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Joaqlin Estus
ICT

They’re both Republicans in sparsely populated heavily Republican states. One lost in her primary; the other didn’t.

What’s deciding the different fates of Wyoming’s Liz Cheney, and Alaska’s Lisa Murkowski?

It’s likely Alaska’s new ranked choice voting system together with Alaskans’ independent streak, say political analysts.

In Wyoming, Cheney lost in the primary for her Congressional seat to previously little known Cheyenne attorney Harriet Hageman, who was buoyed by former President Donald Trump’s endorsement. Cheney lost 49,316 to 113,025 or 28.9 percent to Hageman’s 66.4 percent. Cheney is vice-chair of the House committee investigating the Jan. 6 attack on the U.S. Capitol.

In Alaska’s primary U.S. Senate race, Republican incumbent Lisa Murkowski took 45 percent of the vote followed by Trump supporter Republican Kelly Tshibaka with 38.58 percent. Democrat Pat Chesbro won 6.83 percent and Republican Buzz Kelly took 2.13 percent. Murkowski was one of a handful of Senate Republicans to vote for Trump’s impeachment.

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Pre-election polling showed Murkowski losing among Republicans. However, this was the first election to make use of an open primary and ranked choice voting, a system Alaskans adopted by election in 2021. The four will be listed in the Nov. 8 election. Voters will rank their choices.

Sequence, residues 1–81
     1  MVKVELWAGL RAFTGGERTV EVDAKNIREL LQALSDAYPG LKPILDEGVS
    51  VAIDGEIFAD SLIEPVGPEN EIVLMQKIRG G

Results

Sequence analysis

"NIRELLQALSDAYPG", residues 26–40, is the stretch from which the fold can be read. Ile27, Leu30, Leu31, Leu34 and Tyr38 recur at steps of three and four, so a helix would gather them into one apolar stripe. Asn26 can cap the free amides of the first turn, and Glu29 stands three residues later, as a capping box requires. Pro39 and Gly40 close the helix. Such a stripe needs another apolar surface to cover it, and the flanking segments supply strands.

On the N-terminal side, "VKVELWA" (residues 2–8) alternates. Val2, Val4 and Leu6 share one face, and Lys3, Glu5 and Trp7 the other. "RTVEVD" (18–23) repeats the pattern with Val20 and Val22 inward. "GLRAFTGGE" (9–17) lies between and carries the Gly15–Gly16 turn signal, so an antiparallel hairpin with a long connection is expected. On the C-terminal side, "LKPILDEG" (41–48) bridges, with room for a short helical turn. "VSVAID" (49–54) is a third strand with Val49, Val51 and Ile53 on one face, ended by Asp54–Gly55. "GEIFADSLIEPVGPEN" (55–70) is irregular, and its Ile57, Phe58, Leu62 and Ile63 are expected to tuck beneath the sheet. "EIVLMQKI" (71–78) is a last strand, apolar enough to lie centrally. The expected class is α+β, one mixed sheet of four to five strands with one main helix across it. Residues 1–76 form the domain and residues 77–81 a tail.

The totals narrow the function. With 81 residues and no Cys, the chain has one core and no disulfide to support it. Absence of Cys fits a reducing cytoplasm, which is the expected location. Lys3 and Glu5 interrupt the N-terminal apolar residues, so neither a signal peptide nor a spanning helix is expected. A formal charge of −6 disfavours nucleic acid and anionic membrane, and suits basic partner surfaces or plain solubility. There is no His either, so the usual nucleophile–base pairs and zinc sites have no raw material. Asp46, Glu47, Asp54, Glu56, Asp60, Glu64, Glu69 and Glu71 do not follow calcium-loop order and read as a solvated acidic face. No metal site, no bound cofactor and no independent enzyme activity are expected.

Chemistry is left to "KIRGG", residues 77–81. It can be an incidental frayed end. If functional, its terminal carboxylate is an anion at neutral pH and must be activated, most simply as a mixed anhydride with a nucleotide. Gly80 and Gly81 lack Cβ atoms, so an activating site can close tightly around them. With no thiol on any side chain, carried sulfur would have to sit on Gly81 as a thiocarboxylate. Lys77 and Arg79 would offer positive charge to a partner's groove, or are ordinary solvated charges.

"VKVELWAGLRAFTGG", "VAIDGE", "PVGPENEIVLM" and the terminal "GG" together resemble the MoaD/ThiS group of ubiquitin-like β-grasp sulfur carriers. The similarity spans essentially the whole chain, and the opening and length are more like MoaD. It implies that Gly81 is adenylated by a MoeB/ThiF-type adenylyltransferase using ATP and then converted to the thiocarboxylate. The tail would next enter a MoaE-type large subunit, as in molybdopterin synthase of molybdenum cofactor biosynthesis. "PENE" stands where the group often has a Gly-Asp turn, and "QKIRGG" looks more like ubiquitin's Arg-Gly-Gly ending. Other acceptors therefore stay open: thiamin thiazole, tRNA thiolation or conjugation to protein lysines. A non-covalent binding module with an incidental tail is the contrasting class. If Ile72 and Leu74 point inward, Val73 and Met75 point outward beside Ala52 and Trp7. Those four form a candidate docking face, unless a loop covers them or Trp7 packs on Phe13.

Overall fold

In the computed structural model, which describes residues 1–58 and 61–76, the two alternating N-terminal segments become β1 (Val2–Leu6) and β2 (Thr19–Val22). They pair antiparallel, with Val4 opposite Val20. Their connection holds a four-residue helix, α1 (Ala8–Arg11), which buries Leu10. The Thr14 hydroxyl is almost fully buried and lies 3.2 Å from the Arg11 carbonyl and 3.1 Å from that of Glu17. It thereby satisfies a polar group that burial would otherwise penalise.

Fivethirtyeight’s Nathaniel Rakich on Aug. 17, 2022 commented, “Alaska’s new system really saved her (Murkowski’s) bacon. Of course, if you just look at things literally, Murkowski is still currently the top Republican vote-getter, and will probably stay that way. But also, a lot of her votes are coming from independents and Democrats who probably would not have participated in a traditional Republican primary.

(Related: Alaska Native elected to Congress - ICT)
(Related: Organizers, state face hurdles to getting out Alaska Native vote - ICT)

As the New York Times said, “Both (the Wyoming and Alaska) races captured the fierce division among Republicans across the country and gave a glimpse into the independent and libertarian streak unique to Alaskan politics. They also underscored the surprising sway of Democrats in what has been a reliably red state, as well as the power of Native voters, a sizable electorate that does not predictably break for either party…More than 15 percent of Alaska’s population identifies as Indigenous.”

Fivethirtyeight’s Alex Samuels commented that had Murkowski “voted not to confirm now-Justice Ketanji Brown Jackson to the Supreme Court, maybe she would’ve been able to shore up her standing with conservatives. But, on the other hand, her yes vote maybe helped bolster her coalition of centrist Democrats, independents and moderate Republicans to make up for those on the right who have abandoned her because of her frequent defections from the party line.”

Murkowski was defeated from the right in the 2010 primary, and the Republican party backed her opponent, a Tea Party Republican. A historic write-in campaign kept her in her Senate seat.

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